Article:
The exact weight span in this swung out condition on an inclined span is difficult to determine by traditional methods of finding low points in elevation views, but computers and three-dimensional technology can easily make these determinations. Using the traditional method, weight spans can be in significant error when considering any wind loaded condition (See Table 1).

The software allows the selection of either the traditional method or exact method for calculating effective weight spans when using the wind and weight span options. It is recommended that the traditional method only be used when comparing PLS-CADD to traditional calculations or on extremely flat terrain. The exact method provides for an accurate three-dimensional line design and should be used on new projects.

 

Weight Span

Weight Span

Weight Span

Structure

Wind Span

w/o Wind

w/ Wind

Change

Number

(m)

(m)

(m)

(%)

31

184

146

102

-30%

32

230

287

349

22%

33

190

221

249

13%

34

165

183

199

9%

35

201

87

-19

-122%

36

232

190

159

-16%

37

180

190

196

3%

38

164

120

89

-26%

39

252

428

499

17%

40

242

112

64

-43%

41

78

99

123

24%

42

53

73

89

22%

Table 1 - Calculated weight spans from Figure 2. Traditional calculation of weight spans under wind conditions are in significant error and can lead to expensive field problems if not accounted for properly.

 

Another significant aspect of any transmission line design program is the ability to incorporate the structure analysis of any type of transmission line structure. Important to the re-engineering effort, these structural programs also must be able to accommodate seamless integration into the line design. The PLS software has the capability to perform a full linear and non-linear finite-element analysis of wood, steel, concrete, and lattice structures. In keeping with the previously described criteria that any process in the re-engineering effort be technically accurate, it is essential that the structural analysis be performed as not merely a simplified replication of traditional hand analysis methods, but one that is rigorous. Traditional analysis methods can yield inaccurate results, sometimes on the conservative side and sometimes not.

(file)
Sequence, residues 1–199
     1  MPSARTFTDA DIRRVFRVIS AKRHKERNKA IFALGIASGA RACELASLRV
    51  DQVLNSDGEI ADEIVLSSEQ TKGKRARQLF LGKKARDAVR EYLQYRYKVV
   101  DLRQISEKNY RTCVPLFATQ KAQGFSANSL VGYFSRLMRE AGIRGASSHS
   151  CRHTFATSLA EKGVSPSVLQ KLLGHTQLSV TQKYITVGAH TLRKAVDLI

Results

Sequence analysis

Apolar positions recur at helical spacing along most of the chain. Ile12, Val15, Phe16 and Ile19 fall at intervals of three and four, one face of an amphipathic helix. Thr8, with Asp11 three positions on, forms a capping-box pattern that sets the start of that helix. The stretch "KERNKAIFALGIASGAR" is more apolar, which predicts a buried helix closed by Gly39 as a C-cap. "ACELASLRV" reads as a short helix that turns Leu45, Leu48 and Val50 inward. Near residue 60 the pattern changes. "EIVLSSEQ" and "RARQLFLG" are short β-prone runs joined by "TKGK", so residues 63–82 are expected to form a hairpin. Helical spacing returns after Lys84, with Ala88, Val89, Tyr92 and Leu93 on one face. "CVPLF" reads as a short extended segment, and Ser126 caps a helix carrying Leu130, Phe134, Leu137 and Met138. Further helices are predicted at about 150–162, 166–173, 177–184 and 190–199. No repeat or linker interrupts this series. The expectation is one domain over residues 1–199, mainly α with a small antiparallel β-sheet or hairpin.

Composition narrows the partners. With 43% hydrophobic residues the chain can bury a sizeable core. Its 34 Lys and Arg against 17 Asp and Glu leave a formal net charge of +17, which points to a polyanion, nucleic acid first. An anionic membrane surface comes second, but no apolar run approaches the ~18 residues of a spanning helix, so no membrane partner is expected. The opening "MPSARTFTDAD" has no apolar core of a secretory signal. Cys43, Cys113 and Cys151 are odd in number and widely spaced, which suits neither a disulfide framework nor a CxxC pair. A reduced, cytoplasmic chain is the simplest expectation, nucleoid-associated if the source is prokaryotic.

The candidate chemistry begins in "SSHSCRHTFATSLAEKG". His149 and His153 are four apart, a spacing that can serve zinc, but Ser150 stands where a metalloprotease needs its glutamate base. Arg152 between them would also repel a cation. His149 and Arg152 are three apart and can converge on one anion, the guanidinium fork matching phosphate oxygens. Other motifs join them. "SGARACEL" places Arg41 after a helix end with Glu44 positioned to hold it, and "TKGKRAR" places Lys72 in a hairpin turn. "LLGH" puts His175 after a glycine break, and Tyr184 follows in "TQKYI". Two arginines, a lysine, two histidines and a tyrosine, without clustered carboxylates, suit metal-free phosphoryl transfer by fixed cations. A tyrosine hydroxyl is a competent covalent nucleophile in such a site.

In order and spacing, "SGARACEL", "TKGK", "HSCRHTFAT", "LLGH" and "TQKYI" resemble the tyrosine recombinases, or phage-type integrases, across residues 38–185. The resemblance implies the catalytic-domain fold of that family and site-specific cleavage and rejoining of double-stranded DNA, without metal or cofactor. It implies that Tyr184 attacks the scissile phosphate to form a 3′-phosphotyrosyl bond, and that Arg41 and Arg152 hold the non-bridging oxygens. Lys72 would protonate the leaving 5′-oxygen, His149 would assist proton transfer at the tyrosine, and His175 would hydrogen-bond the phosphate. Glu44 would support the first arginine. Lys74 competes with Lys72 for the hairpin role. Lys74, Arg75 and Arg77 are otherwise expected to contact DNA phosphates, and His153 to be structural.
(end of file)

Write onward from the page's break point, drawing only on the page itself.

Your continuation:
An example of a simplified and imprecise method is designing single pole structures by calculating and analyzing the groundline moment only. In actuality, the maximum stresses in the pole usually occur at a point somewhere above the groundline, which can be verified by simple statics and observations of actual structure failures subjected to extreme transverse loading. In addition, it is imperative that any guyed structures and extremely flexible structures be analyzed using a non-linear analysis platform. The PLS software meets all objectives required to fully analyze structures correctly.

The current re-engineering movement has made major strides in analyzing existing lines for upgrade capabilities or fiber optic replacements and additions. Traditionally, these analysis are performed by examining the structures independently of their location in the transmission line. Loads that are created by the maximum span limitations are recalculated for the replacement conductors and static wires based on those maximum wind and weight span limitations. Structure modifications are then designed and made to every structure on the entire line regardless of its physical application. However, as described earlier, very rarely are structures placed where the maximum span limitations are simultaneously utilized. By expanding our parameters and factoring in the placement of the structures in the line, we begin to realize those modifications may not be required on every structure. The PLS software has the capability of placing actual structure designs in a line and analyzing them directly on a site-by-site basis. This capability allows a full analysis to be made on the transmission line, allowing modifications to be designed on a structure specific basis using the actual loads that are applied to that specific structure at that specific site (See Figure 3). Considering the gross conservativeness of maximum wind and weight span modeling, many lines analyzed using this method can actually meet significant upgrading requirements with little or no structure modifications being required.

Figure 3 - Finite element structural analysis on an in-line lattice structure using the actual loads imposed on the structure.

 

Optimization of transmission lines is key to any design re-engineering effort. It is a necessary component for any true line design program. In addition, with many constraints imposed by physical obstructions, land owner desires, and environmental controls, the optimization process must allow for user defined controls to be handled easily. Even on lines where there are many constraints, finding the least expensive combination of structures is still paramount to the project. Constraints usually fall under four categories: prohibited, extra cost, required structure location, and required structures.